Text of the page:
DRHOOK- Tough to stomach: Gastritis can make eating a pain
"Can you stomach it?" That's a very good question.
Having a lot of fortitude is a good thing, but some things are over the top. Enron didn't prepare most people to stomach the alleged crimes of Goldman Sachs. No matter how many episodes of What Not to Wear, I sometimes can't stomach how some ladies actually think they look good before the makeover. (They can't think they look that good if they agree to do the show.) I used to love going upside-down on roller coasters, but I can't stomach it anymore.
What could be wrong if your stomach hurts?
Gastritis and gastropathy are basically the same thing– stomach cells are injured. Gastritis is worse, though, because there's inflammation. To keep things simple, let's just talk about gastritis in this article. (My gut feeling is it's okay to do that!)
Stomach pain can be pretty vague, like the helpers at Microsoft support centers. A dull or burning pain in the abdomen south of the breastbone is a common symptom. It can even be tender to touch. An empty stomach, eating certain foods, or using tobacco all can make the pain worse, or even cause nausea. The upset stomach can actually feel like hunger, though in a way, aren't we all hungry all the time?
Pills like aspirin and ibuprofen not only can upset the stomach immediately but also can cause gastritis, because these medicines decrease prostaglandin– a chemical that protects the lining of the stomach. So even though some folks think their stomachs are protected if they take one of those medicines on a full stomach, that isn't always the case. Gulp!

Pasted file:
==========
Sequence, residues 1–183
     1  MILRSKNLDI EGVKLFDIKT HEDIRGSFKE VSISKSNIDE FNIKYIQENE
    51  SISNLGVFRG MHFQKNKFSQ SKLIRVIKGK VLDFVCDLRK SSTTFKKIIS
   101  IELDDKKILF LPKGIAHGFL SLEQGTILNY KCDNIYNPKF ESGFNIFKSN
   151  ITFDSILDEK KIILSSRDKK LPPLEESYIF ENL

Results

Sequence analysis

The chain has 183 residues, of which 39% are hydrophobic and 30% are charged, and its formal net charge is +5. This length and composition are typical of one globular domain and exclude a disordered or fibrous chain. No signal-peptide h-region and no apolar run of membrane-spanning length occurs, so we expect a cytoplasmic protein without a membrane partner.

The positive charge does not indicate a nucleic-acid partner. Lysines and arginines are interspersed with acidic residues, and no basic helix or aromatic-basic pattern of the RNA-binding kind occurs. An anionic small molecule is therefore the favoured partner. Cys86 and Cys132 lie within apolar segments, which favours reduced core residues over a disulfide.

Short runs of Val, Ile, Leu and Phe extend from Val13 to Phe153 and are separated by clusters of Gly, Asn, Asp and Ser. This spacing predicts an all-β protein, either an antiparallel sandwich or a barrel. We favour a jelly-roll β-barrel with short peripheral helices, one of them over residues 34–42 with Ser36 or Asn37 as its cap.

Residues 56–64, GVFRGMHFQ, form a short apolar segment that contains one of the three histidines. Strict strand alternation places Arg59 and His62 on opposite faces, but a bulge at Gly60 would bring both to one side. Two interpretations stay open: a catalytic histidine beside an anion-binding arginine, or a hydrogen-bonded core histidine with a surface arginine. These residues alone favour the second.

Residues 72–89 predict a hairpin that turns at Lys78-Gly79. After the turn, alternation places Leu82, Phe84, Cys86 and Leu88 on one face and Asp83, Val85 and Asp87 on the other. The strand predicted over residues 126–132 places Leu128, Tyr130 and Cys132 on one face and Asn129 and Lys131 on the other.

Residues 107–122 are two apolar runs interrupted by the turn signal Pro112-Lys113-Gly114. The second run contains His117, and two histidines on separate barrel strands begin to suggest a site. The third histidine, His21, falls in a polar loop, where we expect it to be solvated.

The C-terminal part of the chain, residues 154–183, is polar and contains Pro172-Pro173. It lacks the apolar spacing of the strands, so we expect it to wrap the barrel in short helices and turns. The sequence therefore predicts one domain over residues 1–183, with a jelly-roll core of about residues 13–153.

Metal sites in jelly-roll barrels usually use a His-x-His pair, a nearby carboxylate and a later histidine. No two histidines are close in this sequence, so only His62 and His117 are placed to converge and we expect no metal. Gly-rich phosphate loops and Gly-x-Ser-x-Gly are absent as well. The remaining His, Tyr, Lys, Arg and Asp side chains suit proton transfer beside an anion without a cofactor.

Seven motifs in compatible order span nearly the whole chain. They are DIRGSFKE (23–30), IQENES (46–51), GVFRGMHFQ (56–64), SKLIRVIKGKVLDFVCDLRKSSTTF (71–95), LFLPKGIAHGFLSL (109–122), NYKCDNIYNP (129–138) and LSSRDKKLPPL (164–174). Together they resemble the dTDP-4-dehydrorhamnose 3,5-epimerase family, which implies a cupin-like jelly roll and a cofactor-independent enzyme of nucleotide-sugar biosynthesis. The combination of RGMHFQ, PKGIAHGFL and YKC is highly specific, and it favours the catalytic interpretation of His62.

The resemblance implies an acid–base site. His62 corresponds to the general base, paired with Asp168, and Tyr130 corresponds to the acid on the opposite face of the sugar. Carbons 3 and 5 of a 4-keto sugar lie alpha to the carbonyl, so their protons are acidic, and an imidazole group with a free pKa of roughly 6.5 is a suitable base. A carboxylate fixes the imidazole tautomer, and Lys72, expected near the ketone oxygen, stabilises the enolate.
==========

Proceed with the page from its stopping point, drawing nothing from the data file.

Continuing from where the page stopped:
Some say I have an infectious personality– ah, as a compliment. You know, "Your energy is so infectious!" H. pylori is a bacterium that can infect the stomach and cause havoc on the stomach cells, from gastritis to ulcers and even cancer. It can be treated with medicines with good results, but it can always return.
Viral infections that can initially cause vomiting, and diarrhea can leave a present called gastritis. This can last for months, and I've seen plenty of folks end up with an EGD (a scope down the throat and into the stomach). During an EGD, a biopsy can be taken so a pathologist can give a diagnosis. (However, don't feel bad— well, emotionally bad– if the EGD doesn't yield a diagnosis. A high percentage of folks with chronic stomach pains have normal EGDs.)
Koreans seem to have upset stomachs all the time. Maybe it's the spicy foods. (Or maybe because we are such Type A personalities???) Koreans have a problem with gastritis, in particular, stomach cancer.
Antacids are typically used for gastritis, as well avoidance of offending agents.
"What? No coffee?" "What? No alcohol!" "What? Give up my tobacco?"
Those are the typical responses I get from many patients who, like most people, hope medicine and time will heal all wounds.
Probiotics might help, and they are good for your intestines. I like the types that are refrigerated, though they tend to be a little more expensive than the ones on the unrefrigerated shelves. I also love yogurt, because it is filled with probiotics– and tastes so good!
Let's face it. Sometimes life punches you in the stomach, but I do Pilates.
Dr. Hook cracks a joke or two, but he's a renowned physician with an interesting website, drjohnhong.com. Email him with your questions.